Border Wall and the U.S. Economy

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Updated: Aug 30, 2023
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One of President Donald Trump’s most significant campaign promises was to build a wall on the border between the United States and Mexico. He is demanding that the United States Congress find a way to allocate funds in the budget for this wall. A question that continually circulates is whether the border wall will benefit or damage the U.S. economy. However, some people believe that building this wall could potentially harm American businesses, American taxpayers, and U.S. jobs (Chopra, Sehgal, & Avgerinos, 2017).

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There is a common fear that constructing a border wall between the United States and Mexico could lead to a trade war. According to the Investopedia website, a trade war is defined as a side effect of protectionism that occurs when one country [Country A] raises tariffs on another country’s [Country B] imports in retaliation for Country B raising tariffs on Country A’s imports (Chen, 2018). A tariff is defined as a tax imposed on imported goods and services (Chen, 2018). Some trade wars initially started as a means to create jobs and protect the economy (Amadeo, 2018). As a trade war intensifies, it can lead to a decline in international trade (Amadeo, 2019).

A trade war with Mexico could bear heavily on the U.S. economy since Mexico is the third-largest trading partner, with over $2 billion in export business from the U.S. to Mexico each year (Chopra et al., 2017). The construction of the border wall could upset Mexico and may lead to Mexico boycotting some U.S. imports (Chopra et al., 2017). For instance, around 30% of U.S. corn exports are bought by Mexico. If Mexico decides to stop purchasing U.S. corn, it could have a negative impact on U.S. farmers (Chopra et al., 2017). In the short term, the impact of a trade war might not seem significant. However, in the long run, a trade war can result in an economic depression.

The projected cost of building the border wall between the U.S. and Mexico is between $8 billion and $12 billion (Snyder, Chopra, & Gingrich, 2017). With Mexico stating that they will not finance the wall, President Trump has two remaining options: use the Patriot Act to compel Mexico to fund the wall, or have U.S. taxpayers foot the bill (Chopra et al., 2017). According to the Pew Research Center, over 60% of Americans oppose building a border wall, and many believe that U.S. taxpayers would ultimately pay the construction costs, as shown in Table 1 (Suls, 2017). Just over two weeks ago, the U.S. federal government shut down due to disagreements over a spending bill that included funding for the border wall (Tuttle, 2019). It has been estimated that the economic cost of the government shutdown may already exceed the $5 billion President Donald Trump is demanding for the wall (Suls, 2017).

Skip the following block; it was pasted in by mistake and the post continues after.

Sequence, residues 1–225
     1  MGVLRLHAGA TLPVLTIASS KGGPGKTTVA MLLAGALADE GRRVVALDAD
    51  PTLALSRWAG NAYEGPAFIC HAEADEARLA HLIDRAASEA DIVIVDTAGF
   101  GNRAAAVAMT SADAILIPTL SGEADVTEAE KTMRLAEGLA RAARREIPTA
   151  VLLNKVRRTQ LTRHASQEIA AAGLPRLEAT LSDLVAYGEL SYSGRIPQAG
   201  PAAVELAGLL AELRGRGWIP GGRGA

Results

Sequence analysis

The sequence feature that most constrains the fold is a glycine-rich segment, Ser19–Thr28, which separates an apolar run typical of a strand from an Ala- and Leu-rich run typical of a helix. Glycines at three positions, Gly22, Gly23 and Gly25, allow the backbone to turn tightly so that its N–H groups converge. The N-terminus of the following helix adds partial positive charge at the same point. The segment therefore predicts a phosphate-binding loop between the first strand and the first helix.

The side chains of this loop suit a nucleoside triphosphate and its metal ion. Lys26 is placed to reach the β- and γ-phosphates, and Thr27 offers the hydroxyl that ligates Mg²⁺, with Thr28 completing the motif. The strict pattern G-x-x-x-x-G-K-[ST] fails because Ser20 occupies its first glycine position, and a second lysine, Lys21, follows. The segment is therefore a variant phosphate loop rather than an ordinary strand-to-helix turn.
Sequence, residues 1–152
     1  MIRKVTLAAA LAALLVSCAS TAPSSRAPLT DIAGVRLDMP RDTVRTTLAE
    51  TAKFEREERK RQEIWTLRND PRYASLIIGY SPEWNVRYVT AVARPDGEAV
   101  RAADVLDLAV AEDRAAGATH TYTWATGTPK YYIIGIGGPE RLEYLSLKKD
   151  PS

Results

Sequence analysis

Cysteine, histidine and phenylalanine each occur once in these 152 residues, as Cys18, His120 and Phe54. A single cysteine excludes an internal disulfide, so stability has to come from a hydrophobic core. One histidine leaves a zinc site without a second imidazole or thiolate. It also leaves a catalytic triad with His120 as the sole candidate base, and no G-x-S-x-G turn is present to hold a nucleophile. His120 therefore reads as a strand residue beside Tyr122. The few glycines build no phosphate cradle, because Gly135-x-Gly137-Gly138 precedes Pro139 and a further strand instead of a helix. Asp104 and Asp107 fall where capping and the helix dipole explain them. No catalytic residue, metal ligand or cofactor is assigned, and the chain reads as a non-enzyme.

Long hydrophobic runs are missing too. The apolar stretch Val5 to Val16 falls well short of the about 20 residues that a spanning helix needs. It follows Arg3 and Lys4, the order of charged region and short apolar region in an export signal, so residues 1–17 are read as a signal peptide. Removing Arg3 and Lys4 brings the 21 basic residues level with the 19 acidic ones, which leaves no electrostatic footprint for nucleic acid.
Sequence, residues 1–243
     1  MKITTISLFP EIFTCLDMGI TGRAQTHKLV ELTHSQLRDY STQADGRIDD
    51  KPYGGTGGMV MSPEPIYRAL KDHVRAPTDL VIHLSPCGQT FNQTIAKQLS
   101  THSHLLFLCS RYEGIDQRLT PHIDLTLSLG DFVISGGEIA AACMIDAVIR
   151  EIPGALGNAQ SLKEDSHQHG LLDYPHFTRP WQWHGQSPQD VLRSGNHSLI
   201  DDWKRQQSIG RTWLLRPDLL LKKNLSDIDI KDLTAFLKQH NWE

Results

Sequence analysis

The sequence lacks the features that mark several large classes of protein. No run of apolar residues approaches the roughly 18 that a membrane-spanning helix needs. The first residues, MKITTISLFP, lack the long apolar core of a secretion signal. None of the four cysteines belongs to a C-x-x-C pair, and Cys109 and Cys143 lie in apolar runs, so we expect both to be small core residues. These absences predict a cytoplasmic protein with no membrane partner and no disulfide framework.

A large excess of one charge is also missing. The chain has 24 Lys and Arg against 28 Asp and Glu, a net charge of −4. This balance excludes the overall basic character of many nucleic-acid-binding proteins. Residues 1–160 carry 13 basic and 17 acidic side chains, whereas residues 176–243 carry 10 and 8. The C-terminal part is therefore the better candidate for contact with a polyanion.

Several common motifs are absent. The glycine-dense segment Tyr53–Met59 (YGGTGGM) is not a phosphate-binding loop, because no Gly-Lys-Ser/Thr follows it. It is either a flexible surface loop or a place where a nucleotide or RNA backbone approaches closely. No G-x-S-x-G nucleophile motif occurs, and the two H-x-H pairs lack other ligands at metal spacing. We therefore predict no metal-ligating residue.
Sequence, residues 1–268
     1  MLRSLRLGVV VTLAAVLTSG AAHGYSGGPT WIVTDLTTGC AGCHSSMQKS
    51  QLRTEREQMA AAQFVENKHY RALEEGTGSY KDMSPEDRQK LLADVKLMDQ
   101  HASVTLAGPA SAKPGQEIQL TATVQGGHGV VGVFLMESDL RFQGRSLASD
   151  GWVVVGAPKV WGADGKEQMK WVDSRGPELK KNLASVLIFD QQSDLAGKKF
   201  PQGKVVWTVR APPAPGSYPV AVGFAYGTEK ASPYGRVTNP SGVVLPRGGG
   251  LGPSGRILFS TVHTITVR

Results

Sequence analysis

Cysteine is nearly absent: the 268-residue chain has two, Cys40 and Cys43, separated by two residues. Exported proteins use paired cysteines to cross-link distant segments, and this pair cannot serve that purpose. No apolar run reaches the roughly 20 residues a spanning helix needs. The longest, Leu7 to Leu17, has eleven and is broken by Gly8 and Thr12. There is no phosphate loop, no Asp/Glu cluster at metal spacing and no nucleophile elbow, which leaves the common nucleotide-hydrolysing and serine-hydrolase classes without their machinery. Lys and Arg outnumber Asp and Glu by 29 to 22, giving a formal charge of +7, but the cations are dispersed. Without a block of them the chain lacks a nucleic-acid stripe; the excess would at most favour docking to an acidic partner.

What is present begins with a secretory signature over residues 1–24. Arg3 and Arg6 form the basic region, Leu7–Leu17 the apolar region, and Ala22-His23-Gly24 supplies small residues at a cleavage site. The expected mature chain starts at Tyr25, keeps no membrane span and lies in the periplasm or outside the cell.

This border wall between the U.S. and Mexico may affect workers, tourists, and students who cross the border daily (Ewing, 2016). In 2010, approximately 13 million Mexicans travelled to the U.S. and spent over $8 billion (Ewing, 2016). This money would no longer be spent in the U.S. Many of the jobs related to trade with Mexico, estimated to be over 20% of all U.S. jobs, would be severely impacted, if not done away with completely (Ewing, 2016).
While it’s still unclear just what economic impact the border wall between the U.S. and Mexico will have, many believe the negatives will outweigh any positives. Both immigration and the border wall have been, and will continue to be, hot-button issues (Salay, 2017). While the wall is being built, there may be a rise in jobs associated with the wall, but these jobs are only temporary and will disappear once the wall is completed. So far, the U.S. government has not come to any agreement on what funds are to be used to build the wall and who will end up paying for it.


  1. Amadeo, K. (2019, January 2). Why Trade Wars Are Bad and Nobody Wins. Retrieved January 8, 2019, from
  2. Chen, J. (2018, December 14). What is a Trade War? Retrieved January 8, 2019, from
  3. Chopra, D., Sehgal, K., & Avgerinos, P. (2017, August 10). Trump’s border wall with Mexico will kill U.S. jobs, business, environment: Chopra. Retrieved January 8, 2019, from
  4. Ewing, W. (2017, January 6). How a Border Wall Would Hurt the U.S. Economy. Retrieved January 2, 2019, from
  5. Salay, M. (2017, May 1). Would a Mexican-U.S. border wall help or hurt the economy? Retrieved from
  6. Snyder, R., Chopra, R., & Gingrich, B. (2017, April 21). Economic Implications of Building a Wall. Retrieved January 8, 2019, from
  7. Suls, R. (2017, February 24). Most Americans continue to oppose U.S. border wall. Retrieved January 10, 2019, from
  8. Tuttle, B. (2019, January 04). Government Shutdown Costs: Economic Effects of Trump Wall | Money. Retrieved January 5, 2019, from


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Border Wall and the U.S. Economy. (2019, Mar 05). Retrieved from